Stats & Info: Joey Cora

Choice matchup: slider vs. cutter

April, 11, 2012
4/11/12
12:56
PM ET

AP Photo/Wilfredo Lee
Roy Halladay celebrates after throwing a perfect game against the Marlins on May 29, 2010.
The Miami Marlins and Philadelphia Phillies continue their three-game series tonight (ESPN2, 7 ET). This will be the first game for the Marlins without manager Ozzie Guillén, who was suspended five games by the team for his comments regarding his respect for Cuban dictator, Fidel Castro. This is the first time Guillén has been suspended in his managerial career. Joey Cora will make his managerial debut in the interim.

Starting Pitchers
Josh Johnson and Roy Halladay have started against each other four times, with Johnson’s teams winning three of the four games. Since Halladay joined the Phillies in 2010, they have faced off three times, with both pitchers going at least seven innings. In those games, a grand total of six runs were scored – and one perfect game was thrown (by Halladay).

The key for Johnson tonight will be how he commands his slider. Last season, opponents were 5-for-68 (.074) on at-bats ending in his slider. The league average was .217. Right-handed hitters were just 2-for-40 (.050) against the slider, with Albert Pujols and Justin Turner recording the only hits.

However, in his first outing this season, Johnson had trouble commanding the slider and allowed two hits off the pitch, both to David Frese.

In his first start this season, Halladay recorded the win over the Pittsburgh Pirates after throwing eight innings, allowing two hits, no earned runs and striking out five. The key to his success against the Pirates was his cutter, which has become his main weapon of choice. In that outing, Halladay threw only seven regular fastballs among the 92 pitches he threw.

Key Stat
The Phillies offense has been anemic to start the season. Their four extra-base hits are the fewest in the majors and no team but the Minnesota Twins have scored fewer than the Phillies’ 2.0 runs per game. Not since 1997 have the Phillies scored as few as eight runs in their first four games of the season. Philadelphia finished 68-94 that season and in last place in the NL East.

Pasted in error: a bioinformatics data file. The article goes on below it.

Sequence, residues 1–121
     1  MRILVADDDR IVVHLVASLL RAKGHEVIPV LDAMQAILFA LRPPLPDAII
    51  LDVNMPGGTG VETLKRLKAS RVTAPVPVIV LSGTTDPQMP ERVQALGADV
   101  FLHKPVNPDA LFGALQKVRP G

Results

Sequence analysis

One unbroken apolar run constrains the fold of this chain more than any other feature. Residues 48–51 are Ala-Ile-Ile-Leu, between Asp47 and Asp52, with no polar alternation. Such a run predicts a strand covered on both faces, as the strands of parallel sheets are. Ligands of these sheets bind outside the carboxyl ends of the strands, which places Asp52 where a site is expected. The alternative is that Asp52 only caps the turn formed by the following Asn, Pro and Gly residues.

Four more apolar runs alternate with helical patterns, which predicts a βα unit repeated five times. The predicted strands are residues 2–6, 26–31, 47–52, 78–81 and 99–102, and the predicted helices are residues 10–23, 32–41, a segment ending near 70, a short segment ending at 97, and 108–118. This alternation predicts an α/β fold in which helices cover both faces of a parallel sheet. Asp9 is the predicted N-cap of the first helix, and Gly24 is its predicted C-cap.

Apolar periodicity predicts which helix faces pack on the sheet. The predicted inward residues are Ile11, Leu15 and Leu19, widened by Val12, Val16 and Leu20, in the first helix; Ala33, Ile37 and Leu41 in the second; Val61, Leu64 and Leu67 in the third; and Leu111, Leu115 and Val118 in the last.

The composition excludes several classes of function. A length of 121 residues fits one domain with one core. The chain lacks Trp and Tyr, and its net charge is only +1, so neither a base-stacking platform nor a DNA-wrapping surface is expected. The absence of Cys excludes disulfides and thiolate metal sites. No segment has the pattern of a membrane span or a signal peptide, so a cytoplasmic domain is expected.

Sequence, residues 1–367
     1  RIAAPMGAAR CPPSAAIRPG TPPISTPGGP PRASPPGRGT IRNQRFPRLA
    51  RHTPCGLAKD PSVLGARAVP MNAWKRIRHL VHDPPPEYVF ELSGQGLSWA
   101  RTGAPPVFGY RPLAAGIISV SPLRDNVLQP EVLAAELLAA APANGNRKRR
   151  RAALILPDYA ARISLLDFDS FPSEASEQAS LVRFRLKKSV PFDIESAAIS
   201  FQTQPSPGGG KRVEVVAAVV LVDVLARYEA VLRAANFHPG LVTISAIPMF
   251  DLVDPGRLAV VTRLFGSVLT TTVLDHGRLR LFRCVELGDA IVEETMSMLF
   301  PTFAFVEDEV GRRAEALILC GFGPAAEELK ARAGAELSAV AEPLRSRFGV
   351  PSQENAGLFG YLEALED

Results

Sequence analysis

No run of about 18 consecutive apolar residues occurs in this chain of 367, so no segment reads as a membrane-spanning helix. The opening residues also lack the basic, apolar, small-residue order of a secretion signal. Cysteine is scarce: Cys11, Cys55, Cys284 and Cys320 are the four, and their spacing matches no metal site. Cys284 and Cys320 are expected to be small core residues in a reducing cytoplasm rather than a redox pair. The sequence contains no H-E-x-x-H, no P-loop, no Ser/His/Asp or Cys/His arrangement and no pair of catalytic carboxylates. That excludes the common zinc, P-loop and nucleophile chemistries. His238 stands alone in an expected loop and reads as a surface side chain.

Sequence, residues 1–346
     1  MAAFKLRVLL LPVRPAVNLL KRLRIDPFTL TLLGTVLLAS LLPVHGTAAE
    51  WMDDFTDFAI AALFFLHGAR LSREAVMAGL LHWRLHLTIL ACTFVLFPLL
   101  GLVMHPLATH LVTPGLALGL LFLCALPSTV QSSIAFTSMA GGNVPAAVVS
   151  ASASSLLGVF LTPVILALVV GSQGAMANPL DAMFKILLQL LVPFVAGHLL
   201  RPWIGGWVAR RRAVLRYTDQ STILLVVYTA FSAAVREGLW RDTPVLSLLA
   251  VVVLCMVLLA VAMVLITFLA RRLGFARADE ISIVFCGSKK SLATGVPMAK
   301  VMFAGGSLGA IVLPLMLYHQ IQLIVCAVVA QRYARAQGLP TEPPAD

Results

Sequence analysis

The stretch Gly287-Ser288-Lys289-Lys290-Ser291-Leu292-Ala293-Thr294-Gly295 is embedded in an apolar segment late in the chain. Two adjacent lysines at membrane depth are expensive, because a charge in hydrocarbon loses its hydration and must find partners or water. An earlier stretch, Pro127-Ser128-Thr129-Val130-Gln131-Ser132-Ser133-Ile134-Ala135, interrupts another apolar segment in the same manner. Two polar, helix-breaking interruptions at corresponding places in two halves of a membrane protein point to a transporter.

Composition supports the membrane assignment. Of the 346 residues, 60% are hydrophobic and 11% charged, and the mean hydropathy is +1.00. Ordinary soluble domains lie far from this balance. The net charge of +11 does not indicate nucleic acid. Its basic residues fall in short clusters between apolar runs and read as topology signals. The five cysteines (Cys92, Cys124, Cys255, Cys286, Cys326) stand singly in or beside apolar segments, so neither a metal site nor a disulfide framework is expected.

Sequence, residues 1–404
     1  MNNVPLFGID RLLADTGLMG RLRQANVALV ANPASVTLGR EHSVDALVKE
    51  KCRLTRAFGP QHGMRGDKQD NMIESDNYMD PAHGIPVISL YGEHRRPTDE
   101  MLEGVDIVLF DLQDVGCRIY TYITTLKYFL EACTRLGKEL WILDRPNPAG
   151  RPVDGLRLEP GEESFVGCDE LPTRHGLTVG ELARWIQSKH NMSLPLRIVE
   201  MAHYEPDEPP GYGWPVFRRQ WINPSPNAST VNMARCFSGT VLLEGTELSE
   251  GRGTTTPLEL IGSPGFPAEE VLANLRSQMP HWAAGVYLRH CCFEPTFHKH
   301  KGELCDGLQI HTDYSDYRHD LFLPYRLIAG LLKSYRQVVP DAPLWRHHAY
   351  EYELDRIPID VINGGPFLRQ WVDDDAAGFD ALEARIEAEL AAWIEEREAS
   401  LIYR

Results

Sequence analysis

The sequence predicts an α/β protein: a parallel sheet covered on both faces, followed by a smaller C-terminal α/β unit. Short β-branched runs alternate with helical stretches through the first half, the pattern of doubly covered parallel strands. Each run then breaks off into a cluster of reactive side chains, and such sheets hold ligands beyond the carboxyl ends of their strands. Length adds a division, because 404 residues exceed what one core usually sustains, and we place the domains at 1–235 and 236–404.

Player to Watch
Giancarlo Stanton has yet to hit a home run this season after hitting a career-high 34 last year. Overall, Stanton improved across the board in 2011, compared to his rookie year. He cut his strikeouts down, increased his walk rate from the league average to better than 83 percent of the league, all while increasing his power output. His 5.7 Wins Above Replacement, according the Baseball-Reference, ranked second among MLB rightfielders (Jose Bautista, 8.5).

Interesting Fact
Stanton’s full name is a sonorous mouthful: Giancarlo Cruz Michael Stanton. He is not Italian, and Giancarlo is not a family name – his parents just liked it. In school, Stanton, a California native, went by Giancarlo until the fifth grade.

Will Cohen contributed to this post

BP: Florida's historic DP duo

April, 7, 2010
4/07/10
11:16
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What the Marlins' middle infielders -- second baseman Dan Uggla and shortstop Hanley Ramirez -- have been able to accomplish since being paired in 2006 would have been unheard-of less than two decades ago. The duo has combined to hit 224 home runs, an average of 56 a year.

Until the 1990s, middle infielders, with very few exceptions, were in the lineup for their defense. The second basemen and shortstops of yore were supposed to be seen and not heard when they stepped into the batter's box -- they were asked to do little more than hit a few opposite-field singles, make contact on the hit-and-run and drop down an occasional bunt. The Marlins' middle infield pair is one a few that has been posting historic home run rates in the last two decades.

No middle-infield combination combined for 50 homers in a season until 1958, but that was mainly due to shortstop Ernie Banks hitting 47 for the Cubs while second baseman Tony Taylor added six. The 55-homer plateau wasn't reached until 1969 by the Red Sox as shortstop Rico Petrocelli had a 40-homer season and second baseman Mike Andrews went deep 15 times. It took until 1999 before a middle-infield tandem reached the 60-homer mark as shortstop Alex Rodriguez (42) and second baseman David Bell (21) combined for 63 for the Mariners.

And it’s been a different story since then. All 11 of the top combined home run totals by middle infielders have occurred since 1999, including six in the past five seasons. Rodriguez is on the list four times and Uggla and Ramirez are on it three times, combining for at least 55 in each of the past three seasons.

Going beyond home runs, a handy metric for measuring a player's overall offensive contribution is Value Over Replacement Player (VORP). The concentration of top-10 seasons by double-play combination according to VORP is not as restricted to recent seasons as those on the home runs list. However, all 10 come from the divisional play era, which began in 1969. The general rule of thumb is that 10 points of VORP is worth the equivalent of one victory.

John Perrotto is editor-in-chief of Baseball Prospectus. BP's Eric Seidman provided research for this story.

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